U.S. and European stocks surged on Friday on expectations the European Central Bank will cut interest rates but the dollar pared gains against the euro after a report said the German government was prepared to take on new debt to lift the economy. The dollar hit a two-week high against the euro as expectations of ECB stimulus weighed on the single currency and bullish data showing a jump in U.S. homebuilding permits to a seven-month high also helped lift the greenback. Borrowing costs had plumbed new lows throughout the week as investors unnerved by the prospect of European recession piled into safer assets.
(Bloomberg) -- Want the lowdown on European markets? In your inbox before the open, every day. Sign up here.U.S. stocks finished the day higher after getting whipsawed throughout the session as Treasury yields plummeted to levels unseen in years amid concerns about the prospect of a global recession.The S&P 500 swung more than 1% from its high to low for a 12th straight day in volume more than a third above its 30-day average before finally ending the day up. Treasuries also suffered whiplash. The 10-year Treasury yield slid below 1.5% for the first time in three years, while the 30-year dropped under 2% for the first time. Trade headlines set investors on edge, though volatility has gripped markets for most of August since Donald Trump escalated his spat with China.Walmart’s strong results and retail sales that topped estimates did give bulls ammunition. But big declines weighed on indexes as Tapestry Inc. tumbled more than 20% on poor sales and General Electric sank more than 10% on accusations of financial fraud. Cisco Systems fell the most in two years after blaming a slowing global economy for a weak outlook.The trade war still hung over markets, with discordant headlines sending risk assets on a wild ride throughout the day. Stocks sold off after China said it would retaliate against fresh tariffs before bouncing back after official comments struck a more conciliatory tone. President Donald Trump added to concern by saying any deal with China must be “on our terms.”“We’re getting a lot of mixed signals on the trade war. There are messages from both the U.S. and China, sometimes they’re tougher messages and sometimes they’re less tough messages. It’s hard to sort out,” said Janet Johnston, portfolio manager at TrimTabs Asset Management.European assets took a jolt when a top official at the European Central Bank said stimulus measures would exceed investor expectations next month, according to a Dow Jones report. The common currency turned lower against the the dollar and stocks erased losses before finishing lower.The morning volatility continued a bout of turmoil sparked two weeks ago when Trump escalated his trade war with China. The uncertainty the rising tensions caused and growing signs of a slowing global economy inverted a key version of the U.S. Treasury yield curve for the first time in 12 years, exacerbating the flight from risk assets.“It’s a tough week with markets as volatile as they are,” said John Roe, the head of multi-asset funds at Legal & General. “Fundamentals are playing a central role but it’s not helped by trade war politics. Markets seemed calmer today after Trump’s more positive tone yesterday, but now China’s upping the rhetoric and it’s becoming a case of he said-Xi said.”Here are the main moves in markets:StocksThe S&P 500 Index rose 0.3% at 4 p.m. New York time.The Dow Jones Industrial Average rose 0.5%.The Nasdaq 100 was little changed.The Stoxx Europe 600 Index dropped 0.3%.The MSCI Asia Pacific Index declined 0.7%.CurrenciesThe Bloomberg Dollar Spot Index was steady.The euro fell 0.2% to $1.1112.The British pound gained 0.4% to $1.2110.The Japanese yen fell 0.1% to 106.00 per dollar.BondsThe yield on 10-year Treasuries decreased seven basis points to 1.51%.The two-year yield fell 10 basis points to 1.48%.Germany’s 10-year yield dipped six basis points to -0.713%.CommoditiesGold futures rose 0.4% at $1,533.20 an ounce.West Texas Intermediate crude declined 1.1% to $54.64 a barrel.\--With assistance from Adam Haigh, Joanna Ossinger, Ksenia Galouchko, Laura Curtis and Jeremy Herron.To contact the reporter on this story: Sarah Ponczek in New York at firstname.lastname@example.orgTo contact the editors responsible for this story: Samuel Potter at email@example.com, Todd White, Randall JensenFor more articles like this, please visit us at bloomberg.com©2019 Bloomberg L.P.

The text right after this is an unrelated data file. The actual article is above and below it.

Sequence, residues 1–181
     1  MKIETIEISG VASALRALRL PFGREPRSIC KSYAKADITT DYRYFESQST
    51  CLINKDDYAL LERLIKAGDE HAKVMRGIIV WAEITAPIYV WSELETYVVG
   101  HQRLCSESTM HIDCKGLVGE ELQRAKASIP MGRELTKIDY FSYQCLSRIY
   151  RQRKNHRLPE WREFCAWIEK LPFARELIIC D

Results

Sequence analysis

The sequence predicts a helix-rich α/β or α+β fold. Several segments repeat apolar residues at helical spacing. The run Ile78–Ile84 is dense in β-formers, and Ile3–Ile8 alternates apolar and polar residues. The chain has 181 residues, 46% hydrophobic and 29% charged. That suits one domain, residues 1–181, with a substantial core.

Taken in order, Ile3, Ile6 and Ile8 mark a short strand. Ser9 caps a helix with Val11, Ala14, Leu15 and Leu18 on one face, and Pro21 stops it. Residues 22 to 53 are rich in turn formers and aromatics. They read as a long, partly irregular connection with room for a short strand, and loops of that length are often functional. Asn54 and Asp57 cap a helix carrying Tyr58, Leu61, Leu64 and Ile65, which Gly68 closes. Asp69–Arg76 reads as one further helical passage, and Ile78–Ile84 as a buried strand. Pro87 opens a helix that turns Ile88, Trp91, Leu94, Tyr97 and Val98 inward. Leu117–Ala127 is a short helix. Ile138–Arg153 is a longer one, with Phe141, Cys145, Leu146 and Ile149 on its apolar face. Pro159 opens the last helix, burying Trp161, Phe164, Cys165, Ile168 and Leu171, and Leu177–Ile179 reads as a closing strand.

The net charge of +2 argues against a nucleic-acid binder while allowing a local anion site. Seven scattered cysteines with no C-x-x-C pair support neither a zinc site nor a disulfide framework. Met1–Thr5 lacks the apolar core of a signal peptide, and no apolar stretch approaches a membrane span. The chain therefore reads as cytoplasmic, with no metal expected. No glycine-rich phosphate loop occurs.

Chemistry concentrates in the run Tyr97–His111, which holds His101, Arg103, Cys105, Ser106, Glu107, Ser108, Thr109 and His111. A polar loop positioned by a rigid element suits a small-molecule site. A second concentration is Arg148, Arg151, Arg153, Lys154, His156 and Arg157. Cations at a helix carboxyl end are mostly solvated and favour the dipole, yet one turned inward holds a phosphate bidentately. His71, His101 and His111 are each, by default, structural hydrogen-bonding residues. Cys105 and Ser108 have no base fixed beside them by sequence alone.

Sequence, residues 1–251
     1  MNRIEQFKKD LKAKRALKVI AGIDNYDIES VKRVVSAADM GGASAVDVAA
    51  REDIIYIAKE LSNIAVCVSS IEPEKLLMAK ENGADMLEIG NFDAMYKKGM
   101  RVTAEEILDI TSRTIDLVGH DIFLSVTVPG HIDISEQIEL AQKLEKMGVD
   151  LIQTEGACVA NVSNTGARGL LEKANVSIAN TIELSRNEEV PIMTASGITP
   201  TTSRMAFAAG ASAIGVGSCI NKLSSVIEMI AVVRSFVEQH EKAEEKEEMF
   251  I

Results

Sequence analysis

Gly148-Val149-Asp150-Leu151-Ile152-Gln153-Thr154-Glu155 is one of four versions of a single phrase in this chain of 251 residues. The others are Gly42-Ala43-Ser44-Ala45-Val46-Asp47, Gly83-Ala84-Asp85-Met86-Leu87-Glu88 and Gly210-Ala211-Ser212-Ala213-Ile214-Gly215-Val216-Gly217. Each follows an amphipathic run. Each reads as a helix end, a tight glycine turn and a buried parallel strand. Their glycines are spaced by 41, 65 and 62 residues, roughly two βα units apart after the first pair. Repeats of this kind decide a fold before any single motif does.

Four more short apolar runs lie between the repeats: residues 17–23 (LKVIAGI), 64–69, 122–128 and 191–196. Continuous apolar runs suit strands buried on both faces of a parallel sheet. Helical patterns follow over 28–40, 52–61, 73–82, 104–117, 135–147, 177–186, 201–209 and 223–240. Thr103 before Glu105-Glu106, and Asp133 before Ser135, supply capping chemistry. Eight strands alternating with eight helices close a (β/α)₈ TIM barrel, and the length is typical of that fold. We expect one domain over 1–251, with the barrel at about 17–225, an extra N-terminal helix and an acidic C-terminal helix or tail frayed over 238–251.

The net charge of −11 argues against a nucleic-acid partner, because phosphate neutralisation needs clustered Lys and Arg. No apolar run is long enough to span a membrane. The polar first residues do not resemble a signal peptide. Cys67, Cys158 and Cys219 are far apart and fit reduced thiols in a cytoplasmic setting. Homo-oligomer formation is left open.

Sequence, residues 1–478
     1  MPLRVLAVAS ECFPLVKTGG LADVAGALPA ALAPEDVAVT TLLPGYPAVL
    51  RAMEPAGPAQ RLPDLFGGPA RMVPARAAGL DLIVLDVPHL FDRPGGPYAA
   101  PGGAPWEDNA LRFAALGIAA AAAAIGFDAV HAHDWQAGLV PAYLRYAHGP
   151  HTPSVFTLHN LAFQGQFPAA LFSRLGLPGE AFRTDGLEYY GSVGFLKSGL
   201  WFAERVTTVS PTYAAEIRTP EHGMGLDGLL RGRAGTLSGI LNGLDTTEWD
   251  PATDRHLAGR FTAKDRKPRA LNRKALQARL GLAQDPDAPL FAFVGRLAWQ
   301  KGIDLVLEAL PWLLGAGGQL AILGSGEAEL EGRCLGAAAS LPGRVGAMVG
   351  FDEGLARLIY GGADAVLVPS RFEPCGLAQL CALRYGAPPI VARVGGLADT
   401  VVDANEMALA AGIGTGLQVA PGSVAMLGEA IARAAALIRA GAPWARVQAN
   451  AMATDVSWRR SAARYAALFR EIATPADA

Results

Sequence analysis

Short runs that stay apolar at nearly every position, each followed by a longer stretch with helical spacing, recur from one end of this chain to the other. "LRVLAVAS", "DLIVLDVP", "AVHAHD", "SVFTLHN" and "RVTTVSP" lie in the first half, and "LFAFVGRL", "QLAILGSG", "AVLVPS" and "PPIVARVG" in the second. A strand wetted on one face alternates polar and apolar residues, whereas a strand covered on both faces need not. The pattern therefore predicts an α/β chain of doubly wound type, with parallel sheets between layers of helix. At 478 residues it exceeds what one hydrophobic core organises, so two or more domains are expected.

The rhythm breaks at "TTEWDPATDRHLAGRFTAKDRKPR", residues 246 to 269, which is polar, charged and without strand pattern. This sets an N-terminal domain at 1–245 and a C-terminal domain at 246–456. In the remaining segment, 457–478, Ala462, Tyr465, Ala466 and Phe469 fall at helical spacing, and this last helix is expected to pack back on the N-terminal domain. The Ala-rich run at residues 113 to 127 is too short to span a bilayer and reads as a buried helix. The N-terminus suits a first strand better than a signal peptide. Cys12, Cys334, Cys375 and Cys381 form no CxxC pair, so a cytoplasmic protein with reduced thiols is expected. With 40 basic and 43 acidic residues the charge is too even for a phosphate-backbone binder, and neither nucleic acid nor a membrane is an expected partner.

China's threat to impose counter-measures in retaliation for the latest U.S. tariffs knocked stocks sprawling on Thursday, checking earlier attempt to recover from a rout sparked by fears of a world recession. Wall Street futures erased earlier losses and were trading in positive territory, but the relentless drop in global bond yields raised fears the world economy was hurtling towards recession and weighed on global equities. Expectations the U.S. Federal Reserve and other central banks would respond robustly to the recession warning helped world stocks to steady earlier.
China's threat to impose counter-measures in retaliation for the latest U.S. tariffs knocked stocks sprawling on Thursday, checking earlier attempt to recover from a rout sparked by fears of a world recession. Wall Street futures signalled another weak open for U.S. stocks, which fell 3% on Wednesday after long-dated bond yields dropped, raising fears the U.S. economy was hurtling towards recession and dragging world stocks with it. Expectations the U.S. Federal Reserve and other central banks would respond robustly to the recession warning helped world stocks to steady earlier.